New questions have been raised about Forestry Tasmania’s financial situation, after revelations the Tasmanian Government has again been forced to vouch for its solvency.
In February the Treasurer, Lara Giddings, extended what’s called “a letter of comfort” to the state-owned lender Tascorp, to reassure it Forestry Tasmania was capable of covering its debts.
The reassurance was initially issued in 2009 to allow the two state-owned companies to negotiate new lending arrangements.
Forestry Tasmania’s Bob Gordon told an upper house parliamentary inquiry this afternoon, the occurrence is not unusual.
He was questioned by the independent MLC, Ruth Forest this afternoon.
“So then in your opinion is Forestry Tasmania facing a solvency issue?” she asked.
Mr Gordon replied:
“No, Forestry Tasmania’s trading solvently and will continue to do so and will continue to carry out its normal function.”
Mr Gordon says the ‘letter of comfort’ has nothing to do with Forestry Tasmania’s financial performance.
“The ‘letter of comfort’ was extended without any great debate or negotiation for any issues other than a process one,” he said.
“There was no negotiation about interest coverages or debt to equity ratios or any of the normal things you’d expect to have.”
Tasmanian Times’ forensic commentator John Lawrence has written extensively on Forestry Tasmania’s financial problems and lack of disclosure:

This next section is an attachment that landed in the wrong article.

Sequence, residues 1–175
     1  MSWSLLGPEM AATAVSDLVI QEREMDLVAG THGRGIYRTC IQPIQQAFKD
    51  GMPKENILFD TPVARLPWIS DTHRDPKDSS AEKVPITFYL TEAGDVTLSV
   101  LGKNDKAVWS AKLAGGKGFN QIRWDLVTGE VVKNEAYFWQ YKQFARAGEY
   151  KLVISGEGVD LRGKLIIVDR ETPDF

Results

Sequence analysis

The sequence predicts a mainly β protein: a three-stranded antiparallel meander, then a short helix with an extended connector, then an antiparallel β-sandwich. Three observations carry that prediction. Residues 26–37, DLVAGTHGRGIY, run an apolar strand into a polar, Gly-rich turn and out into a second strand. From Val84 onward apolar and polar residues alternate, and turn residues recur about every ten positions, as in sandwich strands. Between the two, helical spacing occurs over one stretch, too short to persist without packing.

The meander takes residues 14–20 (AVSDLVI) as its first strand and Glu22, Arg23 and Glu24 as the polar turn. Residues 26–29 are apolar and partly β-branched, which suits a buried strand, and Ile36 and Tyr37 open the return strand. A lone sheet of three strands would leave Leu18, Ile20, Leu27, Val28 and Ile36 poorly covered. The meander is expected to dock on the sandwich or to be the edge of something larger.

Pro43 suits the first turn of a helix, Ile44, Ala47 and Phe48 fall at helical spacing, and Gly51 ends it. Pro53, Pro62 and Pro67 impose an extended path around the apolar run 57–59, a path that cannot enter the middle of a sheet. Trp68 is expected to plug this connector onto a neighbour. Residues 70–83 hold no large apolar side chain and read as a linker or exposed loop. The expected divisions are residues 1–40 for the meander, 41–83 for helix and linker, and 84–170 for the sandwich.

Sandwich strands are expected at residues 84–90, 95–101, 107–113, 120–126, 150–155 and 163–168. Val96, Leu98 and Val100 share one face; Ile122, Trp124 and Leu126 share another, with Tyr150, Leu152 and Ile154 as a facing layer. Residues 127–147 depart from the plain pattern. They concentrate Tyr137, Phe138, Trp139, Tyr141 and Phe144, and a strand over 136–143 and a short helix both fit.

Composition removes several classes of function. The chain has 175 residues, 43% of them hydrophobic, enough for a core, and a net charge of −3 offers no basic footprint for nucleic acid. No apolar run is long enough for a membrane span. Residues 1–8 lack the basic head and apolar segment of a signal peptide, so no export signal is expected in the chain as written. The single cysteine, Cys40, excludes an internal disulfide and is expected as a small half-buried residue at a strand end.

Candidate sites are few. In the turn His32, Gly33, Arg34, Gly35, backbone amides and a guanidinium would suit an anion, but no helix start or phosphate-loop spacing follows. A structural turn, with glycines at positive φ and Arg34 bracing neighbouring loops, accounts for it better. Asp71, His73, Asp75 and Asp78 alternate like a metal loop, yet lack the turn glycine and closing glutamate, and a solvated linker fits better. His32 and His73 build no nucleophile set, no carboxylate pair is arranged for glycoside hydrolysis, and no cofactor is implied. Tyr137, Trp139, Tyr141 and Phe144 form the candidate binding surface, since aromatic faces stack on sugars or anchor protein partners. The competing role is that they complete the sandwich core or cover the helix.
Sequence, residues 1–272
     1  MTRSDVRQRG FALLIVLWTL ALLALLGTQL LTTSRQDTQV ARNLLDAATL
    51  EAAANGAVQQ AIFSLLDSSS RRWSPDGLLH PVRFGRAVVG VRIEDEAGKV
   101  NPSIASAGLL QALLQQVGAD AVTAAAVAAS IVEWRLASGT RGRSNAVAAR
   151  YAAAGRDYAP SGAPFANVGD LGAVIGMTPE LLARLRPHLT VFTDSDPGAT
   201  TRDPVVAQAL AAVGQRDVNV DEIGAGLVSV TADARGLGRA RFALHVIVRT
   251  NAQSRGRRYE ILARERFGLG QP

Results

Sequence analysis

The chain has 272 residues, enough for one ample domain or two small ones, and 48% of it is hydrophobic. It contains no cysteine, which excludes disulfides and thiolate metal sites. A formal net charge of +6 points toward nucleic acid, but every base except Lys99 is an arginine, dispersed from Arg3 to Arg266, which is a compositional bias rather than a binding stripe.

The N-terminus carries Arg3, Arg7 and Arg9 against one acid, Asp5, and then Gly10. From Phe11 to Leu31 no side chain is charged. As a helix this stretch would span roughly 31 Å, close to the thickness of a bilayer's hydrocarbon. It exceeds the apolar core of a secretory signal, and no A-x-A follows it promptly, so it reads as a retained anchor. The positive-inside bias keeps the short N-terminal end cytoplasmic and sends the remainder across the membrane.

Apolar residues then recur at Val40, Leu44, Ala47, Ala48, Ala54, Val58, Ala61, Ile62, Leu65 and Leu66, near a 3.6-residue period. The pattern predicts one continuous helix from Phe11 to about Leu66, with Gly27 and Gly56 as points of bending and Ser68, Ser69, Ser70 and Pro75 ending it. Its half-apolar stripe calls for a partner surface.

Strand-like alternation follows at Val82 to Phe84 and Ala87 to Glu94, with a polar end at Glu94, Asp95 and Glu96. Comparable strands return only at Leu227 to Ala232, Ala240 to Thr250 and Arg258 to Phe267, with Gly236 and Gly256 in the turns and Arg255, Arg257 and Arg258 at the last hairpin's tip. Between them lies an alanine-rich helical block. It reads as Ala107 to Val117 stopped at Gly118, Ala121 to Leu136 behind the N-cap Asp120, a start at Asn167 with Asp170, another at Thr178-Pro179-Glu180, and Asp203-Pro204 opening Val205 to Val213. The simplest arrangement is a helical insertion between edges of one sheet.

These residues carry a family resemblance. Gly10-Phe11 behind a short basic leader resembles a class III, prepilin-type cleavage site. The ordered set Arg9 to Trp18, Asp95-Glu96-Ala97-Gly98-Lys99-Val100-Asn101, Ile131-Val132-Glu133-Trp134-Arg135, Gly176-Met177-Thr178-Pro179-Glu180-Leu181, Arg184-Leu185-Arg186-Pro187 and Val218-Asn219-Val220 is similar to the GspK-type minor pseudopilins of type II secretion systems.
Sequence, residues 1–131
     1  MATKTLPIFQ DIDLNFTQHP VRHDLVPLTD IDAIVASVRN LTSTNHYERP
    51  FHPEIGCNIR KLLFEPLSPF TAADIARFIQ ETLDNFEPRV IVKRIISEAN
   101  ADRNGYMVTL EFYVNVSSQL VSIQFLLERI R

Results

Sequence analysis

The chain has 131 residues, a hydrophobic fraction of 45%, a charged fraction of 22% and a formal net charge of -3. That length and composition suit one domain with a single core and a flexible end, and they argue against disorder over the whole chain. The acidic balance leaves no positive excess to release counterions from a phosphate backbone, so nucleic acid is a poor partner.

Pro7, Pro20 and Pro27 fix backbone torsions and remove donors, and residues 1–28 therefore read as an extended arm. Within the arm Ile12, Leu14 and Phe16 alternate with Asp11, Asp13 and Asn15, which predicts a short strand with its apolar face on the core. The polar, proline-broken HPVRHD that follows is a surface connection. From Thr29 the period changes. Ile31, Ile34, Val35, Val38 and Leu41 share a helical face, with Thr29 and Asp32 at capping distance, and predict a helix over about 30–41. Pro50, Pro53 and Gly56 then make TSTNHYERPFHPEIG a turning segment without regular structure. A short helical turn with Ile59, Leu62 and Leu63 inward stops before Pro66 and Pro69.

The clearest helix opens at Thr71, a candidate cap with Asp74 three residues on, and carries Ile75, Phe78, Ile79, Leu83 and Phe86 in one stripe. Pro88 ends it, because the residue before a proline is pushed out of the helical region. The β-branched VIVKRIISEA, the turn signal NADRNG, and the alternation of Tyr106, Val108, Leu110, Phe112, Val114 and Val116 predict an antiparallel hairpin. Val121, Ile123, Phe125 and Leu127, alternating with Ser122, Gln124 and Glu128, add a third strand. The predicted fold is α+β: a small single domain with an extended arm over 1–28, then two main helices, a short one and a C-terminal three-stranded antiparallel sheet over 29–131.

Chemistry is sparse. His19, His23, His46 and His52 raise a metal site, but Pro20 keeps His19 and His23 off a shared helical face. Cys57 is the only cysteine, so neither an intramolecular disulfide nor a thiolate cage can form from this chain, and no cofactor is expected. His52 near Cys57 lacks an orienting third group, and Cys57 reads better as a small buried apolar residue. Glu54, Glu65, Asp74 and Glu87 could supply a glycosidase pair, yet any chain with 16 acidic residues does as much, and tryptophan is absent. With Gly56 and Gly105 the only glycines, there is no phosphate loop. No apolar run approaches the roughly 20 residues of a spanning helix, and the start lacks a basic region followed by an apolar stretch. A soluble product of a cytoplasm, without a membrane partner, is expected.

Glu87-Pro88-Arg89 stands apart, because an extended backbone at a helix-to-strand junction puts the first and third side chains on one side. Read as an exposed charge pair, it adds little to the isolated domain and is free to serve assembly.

Forestry Tasmania’s cover-up
Insolvency, disclosure and FT. Ruth Forrest’s forensic eye
All John Lawrence: HERE
First published: 2011-05-23 08:02 PM
• Kim Booth:
As Gunns Gets Free Line of Credit From the Public Purse
Kim Booth MP
Greens Forests spokesperson
The Tasmanian Greens today in Parliament, called on the Treasurer, Lara Giddings, to detail why Forestry Tasmania required a ‘letter of comfort’ over its ability to repay loans to TASCORP, given the constant message that Forestry Tasmania is not insolvent and is sustainable.
Greens Forests spokesperson Kim Booth MP asked Treasurer and Premier Giddings whether the debts covered by the letter of comfort were for short term cash flow problems caused by debts owed by customers, or whether Forestry Tasmania’s financial state was such that the letter of comfort would be necessary in any event, for it to remain technically solvent.
“Treasurer Giddings’ failure to explain the nature of the debt gave me no assurances,” Mr Booth said.
“Forestry Tasmania is clearly unable to meet its loan covenants with TASCORP who have rightfully sought what is effectively a third party guarantee for Forestry Tasmania’s debts.”
“But if the debts relate to Gunns’ and others’ inability to pay its debt to Forestry Tasmania, then Forestry Tasmania should have sought a bank guarantee or other security to guarantee that Gunns will pay.”
“It seems that Gunns may be using Forestry Tasmania to provide a free line of credit and the guaranteeing of that debt by the public purse is totally unacceptable.”
“Forestry Tasmania is a rogue organisation that has dined out on the public purse for many years and it is way past time that the umbilical cord was cut and they stood on their own two feet.”
“If Forestry Tasmania’s business model is so hopeless that they cannot pay their bills when they fall due then it is time that they got out of the way.”
“Public money comes from hard earned taxes and should be used for hospital and schools not to prop up mendicant companies such as Forestry Tasmania or Gunns,” Mr Booth said.